Conservation International has trained, worked with and learned from indigenous peoples for more than 25 years. To ensure that our work respects the rights and voices of these communities and individuals, CI uses a “rights-based approach,” to respect human rights, protect vulnerable groups and encourage good governance.
The forest behind your perfume In Venezuela, CI and partners have helped three villages protect forests and find a crucial source of livelihood amid the country’s economic crisis: a little-known yet ubiquitous ingredient in perfumes.
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How drones can save rainforests In Suriname, the world's most forested country, CI provides drone training for local rangers to monitor the vast tracts of forest they are charged with protecting from illegal logging and gold-mining activities.
New hope for farmers facing climate change In southern Guyana, the CI-supported Rupununi Innovation Fund helps farmers boost their lands’ productivity and build resilience to climate impacts.
In the Colombian Amazon, men and women share conservation benefits Through CI-supported conservation agreements in the Colombian Amazon, communities protect ecosystems and educate others about sustainable fishing practices in exchange for monthly cash benefits used to purchase items such as medicine and boat engines. To determine who decides what to buy, CI staffers recently surveyed several indigenous villages about shifting gender roles.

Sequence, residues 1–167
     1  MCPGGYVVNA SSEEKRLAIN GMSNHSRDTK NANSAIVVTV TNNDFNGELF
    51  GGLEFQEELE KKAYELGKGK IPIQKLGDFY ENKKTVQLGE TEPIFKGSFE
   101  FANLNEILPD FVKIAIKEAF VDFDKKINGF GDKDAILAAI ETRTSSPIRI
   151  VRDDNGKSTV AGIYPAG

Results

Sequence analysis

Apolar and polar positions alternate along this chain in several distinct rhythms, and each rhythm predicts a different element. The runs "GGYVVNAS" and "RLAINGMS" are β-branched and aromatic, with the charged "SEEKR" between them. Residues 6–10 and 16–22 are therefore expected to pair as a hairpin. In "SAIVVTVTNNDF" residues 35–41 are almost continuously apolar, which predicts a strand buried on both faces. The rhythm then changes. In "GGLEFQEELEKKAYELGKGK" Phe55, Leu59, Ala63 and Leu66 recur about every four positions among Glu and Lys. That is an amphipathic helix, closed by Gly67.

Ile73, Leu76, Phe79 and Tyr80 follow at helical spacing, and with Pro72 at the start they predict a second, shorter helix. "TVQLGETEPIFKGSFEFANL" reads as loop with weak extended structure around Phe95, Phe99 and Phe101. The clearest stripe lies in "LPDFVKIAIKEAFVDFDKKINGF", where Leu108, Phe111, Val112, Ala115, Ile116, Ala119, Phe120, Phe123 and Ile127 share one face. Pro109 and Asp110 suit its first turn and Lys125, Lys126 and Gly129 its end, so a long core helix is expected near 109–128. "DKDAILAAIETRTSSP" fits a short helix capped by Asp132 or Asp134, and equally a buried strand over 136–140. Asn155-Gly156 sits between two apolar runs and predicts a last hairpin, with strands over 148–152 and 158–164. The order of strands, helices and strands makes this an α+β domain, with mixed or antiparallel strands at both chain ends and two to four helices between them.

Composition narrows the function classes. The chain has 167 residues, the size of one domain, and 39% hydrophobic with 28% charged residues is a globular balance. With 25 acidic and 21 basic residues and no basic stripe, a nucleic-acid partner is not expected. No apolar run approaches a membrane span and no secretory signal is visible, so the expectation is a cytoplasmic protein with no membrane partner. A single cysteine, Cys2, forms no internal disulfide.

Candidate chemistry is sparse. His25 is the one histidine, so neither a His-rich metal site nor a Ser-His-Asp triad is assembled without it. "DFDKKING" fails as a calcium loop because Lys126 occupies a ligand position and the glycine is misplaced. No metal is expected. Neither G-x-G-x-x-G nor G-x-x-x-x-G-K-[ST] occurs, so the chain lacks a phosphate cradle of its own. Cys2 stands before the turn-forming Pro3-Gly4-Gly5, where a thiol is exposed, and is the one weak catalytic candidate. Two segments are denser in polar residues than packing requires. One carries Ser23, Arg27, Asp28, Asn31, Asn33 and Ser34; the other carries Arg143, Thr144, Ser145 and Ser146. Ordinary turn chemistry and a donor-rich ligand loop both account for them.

Fighting deforestation in Ecuador CI partnered with the Ecuadorian government on the Socio Bosque (“Forest Partners”) project, which provides direct economic incentives for landowners and rural communities who voluntarily commit to protecting the forests.
From illegal logger to forest champion In northwestern Peru, illegal-logger-turned-conservationist Norbil Becerra opened a hummingbird ecotourism center with money out of his own pocket — and a little help from
REDD+, an approach proven to prevent the clearing and burning of tropical forests and the resulting greenhouse gas emissions.
Sustainable tourism in Bolivia In Bolivia, CI teamed up with a Quechua-Tacana indigenous community to create the award-winning Chalalan Ecolodge, a thriving business that provides locals with sustainable jobs and income that depend on keeping the nearby forest healthy.
From machetes to maps: How a red line eased conflict in Bolivias Amazon After years of dispute on the edge of a national park, CI and government partners helped competing land users find common ground through a map they drew together.
Brazil’s Kayapó: Stewards of the Forest The Kayapó maintain legal control over 10.6 million hectares (26.2 million acres) of primary tropical forest and savanna in the Amazon. CI has been working since 1992 to help them protect their land and traditions by strengthening surveillance as well as establishing small sustainable businesses that generate income such as harvesting nuts, copaiba oil, fruit and honey.